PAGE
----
Serving as International Technical Official (ITO) for Rowing at the 17th Asian Games Incheon 2014 from September 17 to 25 was the best experience I have thus far since I got my international umpire badge. I have had my share of good memories in past umpiring stints, but my Asiad experience improved my confidence in carrying out our various duties. All of us rowing ITOs likewise developed a camaraderie that far exceeded the usual ones I have experienced in the past. I felt the pressure of performing at my best easing off on our first day. It is truly much easier to accomplish things when you are enjoying every moment. While I have always known that, I used to worry about what my next assignment/rotation would be in the past. I was anxious about commiting mistakes in critical posts. This time though, I did not think much about what my next tasks would be. Stoic acceptance of whatever comes my way. I think it is one of the things Kendo honed in me. And it worked in keeping me grounded and focused.
The Asian Games is the biggest sporting event in the region, second only in scale and prestige to the Olympics. This year’s host, the Republic of Korea is highly experienced when it comes to hosting sporting events having previously hosted the Asian games, an Olympics, several World Championships for different sports, and more. Despite knowing that they are quite experienced in organizing these events, I was still impressed by the efficiency by which the host city ~ Incheon~ handled the preparations. Both IAGOC and the Rowing Organizing Committee handled the communications and all preparations smoothly thus ensuring that we have our accreditation (AD) cards and etickets on time.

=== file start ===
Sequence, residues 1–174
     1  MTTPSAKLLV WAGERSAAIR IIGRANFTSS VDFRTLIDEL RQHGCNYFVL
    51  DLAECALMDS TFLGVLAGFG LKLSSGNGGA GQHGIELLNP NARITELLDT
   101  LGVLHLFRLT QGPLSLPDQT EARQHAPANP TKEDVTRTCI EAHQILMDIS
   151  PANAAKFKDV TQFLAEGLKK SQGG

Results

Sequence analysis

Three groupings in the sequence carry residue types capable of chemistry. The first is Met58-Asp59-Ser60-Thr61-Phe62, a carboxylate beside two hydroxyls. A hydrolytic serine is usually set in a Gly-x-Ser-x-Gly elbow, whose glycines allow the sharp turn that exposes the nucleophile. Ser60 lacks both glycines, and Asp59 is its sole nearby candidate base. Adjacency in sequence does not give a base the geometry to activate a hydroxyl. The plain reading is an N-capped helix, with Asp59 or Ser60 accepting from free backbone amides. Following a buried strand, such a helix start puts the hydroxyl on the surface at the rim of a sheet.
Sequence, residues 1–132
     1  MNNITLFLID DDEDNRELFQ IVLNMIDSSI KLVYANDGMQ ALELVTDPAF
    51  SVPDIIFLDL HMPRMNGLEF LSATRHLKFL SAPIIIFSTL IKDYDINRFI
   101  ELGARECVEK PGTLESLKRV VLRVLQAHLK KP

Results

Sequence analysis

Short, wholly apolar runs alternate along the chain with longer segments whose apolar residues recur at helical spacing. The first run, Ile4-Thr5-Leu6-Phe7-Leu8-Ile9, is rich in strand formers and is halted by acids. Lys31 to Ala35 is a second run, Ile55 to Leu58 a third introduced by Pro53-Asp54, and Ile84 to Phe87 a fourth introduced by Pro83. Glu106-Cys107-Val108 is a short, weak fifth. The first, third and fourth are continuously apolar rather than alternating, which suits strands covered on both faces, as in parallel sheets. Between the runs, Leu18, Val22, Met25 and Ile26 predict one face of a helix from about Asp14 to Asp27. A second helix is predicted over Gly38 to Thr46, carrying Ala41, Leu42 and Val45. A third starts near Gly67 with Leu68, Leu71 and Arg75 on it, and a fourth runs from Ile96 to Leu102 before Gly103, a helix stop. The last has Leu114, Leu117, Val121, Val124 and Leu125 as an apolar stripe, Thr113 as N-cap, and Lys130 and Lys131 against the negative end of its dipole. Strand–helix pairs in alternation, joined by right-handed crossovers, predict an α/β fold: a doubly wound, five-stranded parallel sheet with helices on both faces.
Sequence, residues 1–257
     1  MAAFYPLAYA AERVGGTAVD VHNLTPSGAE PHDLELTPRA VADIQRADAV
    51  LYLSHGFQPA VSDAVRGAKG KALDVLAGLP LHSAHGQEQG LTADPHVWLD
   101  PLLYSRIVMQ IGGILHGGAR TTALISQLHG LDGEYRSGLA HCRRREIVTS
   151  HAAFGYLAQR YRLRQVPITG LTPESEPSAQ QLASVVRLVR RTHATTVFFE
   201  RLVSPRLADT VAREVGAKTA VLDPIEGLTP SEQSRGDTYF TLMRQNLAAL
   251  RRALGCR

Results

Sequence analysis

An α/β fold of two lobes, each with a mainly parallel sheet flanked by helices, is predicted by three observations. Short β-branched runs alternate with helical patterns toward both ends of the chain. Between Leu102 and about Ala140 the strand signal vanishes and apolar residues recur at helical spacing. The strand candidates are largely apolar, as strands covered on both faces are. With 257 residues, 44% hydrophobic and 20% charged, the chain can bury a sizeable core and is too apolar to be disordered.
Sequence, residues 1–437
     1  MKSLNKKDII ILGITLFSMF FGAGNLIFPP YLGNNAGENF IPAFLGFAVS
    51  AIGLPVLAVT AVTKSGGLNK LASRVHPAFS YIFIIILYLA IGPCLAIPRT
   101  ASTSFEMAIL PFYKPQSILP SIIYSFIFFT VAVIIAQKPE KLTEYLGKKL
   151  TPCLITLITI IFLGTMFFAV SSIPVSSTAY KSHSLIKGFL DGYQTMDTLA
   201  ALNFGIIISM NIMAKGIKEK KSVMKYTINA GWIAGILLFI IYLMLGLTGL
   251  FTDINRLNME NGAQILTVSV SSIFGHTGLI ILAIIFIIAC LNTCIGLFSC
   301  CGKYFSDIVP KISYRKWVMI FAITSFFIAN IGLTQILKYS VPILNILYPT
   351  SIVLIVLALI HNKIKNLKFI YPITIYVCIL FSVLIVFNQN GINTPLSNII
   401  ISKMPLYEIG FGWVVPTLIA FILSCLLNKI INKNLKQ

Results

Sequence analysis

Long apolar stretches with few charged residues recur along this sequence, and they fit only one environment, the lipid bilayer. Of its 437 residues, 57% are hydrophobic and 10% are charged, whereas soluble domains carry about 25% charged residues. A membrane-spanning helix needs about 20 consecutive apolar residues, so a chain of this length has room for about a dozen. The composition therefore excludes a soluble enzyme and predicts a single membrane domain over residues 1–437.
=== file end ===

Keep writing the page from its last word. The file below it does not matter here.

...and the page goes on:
The trip was filled with unexpected but pleasant surprises since Day 1. I read somewhere that the organizers aimed for a more cost-efficient Asian Games that could be used as a model moving forward. I do not know if they managed to make it the cheapest Asian Games hosting, but I can say that whatever measures they have taken to keep the games simple and cheaper did not diminish the beauty of the various experiences anyone can get from it. And I for one could stand behind any initiative that would make multisporting events more cost-effective to encourage more nations to host the games in the future.